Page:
What I Wish I Had Known

What I Wish I Had Known

By Jill Conway, Capacity Building Manager
April 19, 2017

In our third blog for Sexual Assault Awareness Month, Jill Conway describes her experience in high school, and the knowledge she wishes she could've had. 

TRIGGER WARNING: This blog contains descriptions of sexual assault. 


When I was growing up in the Colorado public school system, sexuality education was not something integrated into core content programming. We would sporadically receive a lesson focused on the negative outcomes associated with sexual activity, such as STIs and unwanted pregnancy, mixed with a clear rhetoric of “Don’t do it.” Sexual assault was not mentioned within curricula, and most of the messages I received surrounding that topic were from adults telling me to not get in a van with a random stranger, or from television shows like Law and Order SVU that continued to emphasize the idea that sexual assault is committed by strangers. I didn’t receive information about how 93% of child victims often know their perpetrator. So when I was sexually assaulted in one of my first relationships, I froze. I didn’t understand what happened or how to move forward.

It happened in high school, when I was starting to date more seriously. Most of my friends were sexually active (or at least they said they were) and bragged about how great it all was, but I was extremely nervous. I didn’t have any information about what I should do and worried about whether I would be doing things right. My friends assured me that when I met the right person it would be easy. So despite my nerves, I listened to them and waited for the right relationship to evolve. My freshman year in high school, I met someone who seemed like he could be that right relationship. It was completely exhilarating. We went out on dates, were on each other’s Myspace Top 8, made out in my parents' basement, and talked late into the night. It was nice to finally have someone who was interested in me sexually, but I was also a bit apprehensive because he was more sexually experienced. Plus, I was planning on waiting to have sex with someone special, and despite our connection I wasn't totally convinced I wanted him to be that person.

One day, things went beyond our regular make-out sessions. It wasn’t something that we had discussed, and it was not something that I was ready for physically or emotionally. I remember being in shock while it was happening, but not saying anything and just silently crying. I’m not sure if he even noticed. Afterwards, I felt ashamed and utterly confused about what had just happened because I hadn't said yes, but I also hadn't said no. Making matters even more confusing, this was someone who was my partner and someone that I cared for. I thought that sexual assault only happened randomly from strangers in alleyways; I didn't realize sexual assault could happen in relationships, let alone recognize that it had happened to me at the hands of someone I trusted.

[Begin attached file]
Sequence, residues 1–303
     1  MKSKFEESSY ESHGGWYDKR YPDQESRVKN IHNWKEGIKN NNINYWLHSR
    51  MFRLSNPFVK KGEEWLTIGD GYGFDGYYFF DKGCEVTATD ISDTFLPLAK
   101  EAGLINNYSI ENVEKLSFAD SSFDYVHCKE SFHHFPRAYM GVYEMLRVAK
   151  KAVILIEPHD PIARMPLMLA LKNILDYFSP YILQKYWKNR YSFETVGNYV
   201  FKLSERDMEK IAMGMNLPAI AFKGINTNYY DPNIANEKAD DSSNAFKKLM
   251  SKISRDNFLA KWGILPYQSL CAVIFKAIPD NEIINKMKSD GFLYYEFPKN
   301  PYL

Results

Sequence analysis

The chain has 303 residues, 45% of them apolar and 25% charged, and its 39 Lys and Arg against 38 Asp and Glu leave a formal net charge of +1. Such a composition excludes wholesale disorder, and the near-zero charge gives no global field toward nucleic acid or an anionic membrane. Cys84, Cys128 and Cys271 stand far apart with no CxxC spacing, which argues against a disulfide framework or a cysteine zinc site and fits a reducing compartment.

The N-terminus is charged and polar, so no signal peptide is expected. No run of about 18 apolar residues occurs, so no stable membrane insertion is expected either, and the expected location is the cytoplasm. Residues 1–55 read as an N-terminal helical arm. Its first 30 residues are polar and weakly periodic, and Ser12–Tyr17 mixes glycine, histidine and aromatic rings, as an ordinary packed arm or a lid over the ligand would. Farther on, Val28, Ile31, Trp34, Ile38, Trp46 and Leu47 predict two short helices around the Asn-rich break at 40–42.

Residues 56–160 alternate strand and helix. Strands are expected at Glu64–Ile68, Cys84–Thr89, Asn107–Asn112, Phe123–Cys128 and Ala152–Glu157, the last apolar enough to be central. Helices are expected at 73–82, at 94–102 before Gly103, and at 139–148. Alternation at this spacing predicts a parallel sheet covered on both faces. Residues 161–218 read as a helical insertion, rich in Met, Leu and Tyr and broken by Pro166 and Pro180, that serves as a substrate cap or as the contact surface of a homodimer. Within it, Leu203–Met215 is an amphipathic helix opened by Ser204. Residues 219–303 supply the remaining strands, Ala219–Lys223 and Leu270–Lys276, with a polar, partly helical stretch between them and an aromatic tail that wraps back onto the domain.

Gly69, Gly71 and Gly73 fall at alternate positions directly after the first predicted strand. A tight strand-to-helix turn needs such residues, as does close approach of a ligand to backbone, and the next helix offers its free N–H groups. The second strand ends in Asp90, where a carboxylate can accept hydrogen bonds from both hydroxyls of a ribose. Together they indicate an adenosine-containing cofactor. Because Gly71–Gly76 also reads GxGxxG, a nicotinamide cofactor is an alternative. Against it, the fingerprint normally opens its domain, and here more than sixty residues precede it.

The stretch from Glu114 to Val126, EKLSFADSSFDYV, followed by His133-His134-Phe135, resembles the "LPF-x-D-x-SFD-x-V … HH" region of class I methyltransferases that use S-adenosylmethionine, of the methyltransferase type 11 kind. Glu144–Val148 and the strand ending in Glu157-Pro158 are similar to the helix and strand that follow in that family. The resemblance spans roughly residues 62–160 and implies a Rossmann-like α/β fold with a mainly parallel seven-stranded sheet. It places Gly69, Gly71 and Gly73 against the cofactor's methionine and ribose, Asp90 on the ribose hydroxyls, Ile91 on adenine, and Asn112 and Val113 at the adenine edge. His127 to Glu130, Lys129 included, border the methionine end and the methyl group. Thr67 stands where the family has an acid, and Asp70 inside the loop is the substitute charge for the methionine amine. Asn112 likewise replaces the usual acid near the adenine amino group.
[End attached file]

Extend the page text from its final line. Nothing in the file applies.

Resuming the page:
My assault shaped many of my relationships over the next decade of my life and insecurities I had with future partners. Looking back, I think that if I'd had additional knowledge and skills about what it means to communicate in a relationship, what consent looks like, and how to live a fulfilling healthy life within my boundaries, I would have been better equipped to express my limits and recognize that his actions were unacceptable. My sexuality education failed me, but it also failed my partner. Like me, he didn’t have a solid idea of what consent is and how healthy communication should be modeled in relationships. He should have recognized his actions were unacceptable and unwarranted, and maybe he would have with better education surrounding consent; maybe the assault wouldn't have happened.

My story is not unique. Unfortunately, it is actually quite common. Part of the reason I chose to go into this line of work as a sexuality educator and social worker is because I see the importance of prevention efforts to combat the cycle of sexual assault with future generations. I truly believe, and the evidence shows, that providing young people with sex-positive information and skill development practice facilitates healthy decisions. I know that if I'd had a trusted adult who spoke to me about sex and sexuality in an honest and medically-accurate manner, I would have been more equipped to communicate my boundaries and say no. I needed to hear messaging from educators and other adults about what sexual assault looked like beyond the stranger in the alley.

So where do we go from here? For one thing, when discussing sexual assault prevention, educators and adults need to emphasize the intricacies of relationships and how to communicate effectively about sex in a variety of sexual encounters. It can be scary or intimidating to talk about sex and boundaries with someone, but consistent and sex-positive education can help to curb that fear. We also need to move beyond the idea that the absence of a ‘no’ is consent. Affirmative consent must become the norm, and it doesn’t have to be presented to young people in a sex-negative, fear-based way. In fact, consent is sexy! It should be the norm of every sexual encounter. The only way that can happen is with a coordinated effort from sexuality educators and other trusted adults to emphasize the necessity of consent.

Looking back on my own sexuality education, I wish that adults had been honest and clear about what sexual assault is, and that it can happen in relationships. Without this clear message, young people are unprepared and oftentimes unable to identify what happens to them as sexual assault. It took me years to come to terms with what happened to me, and my hope is that future generations do not experience the same hardships.

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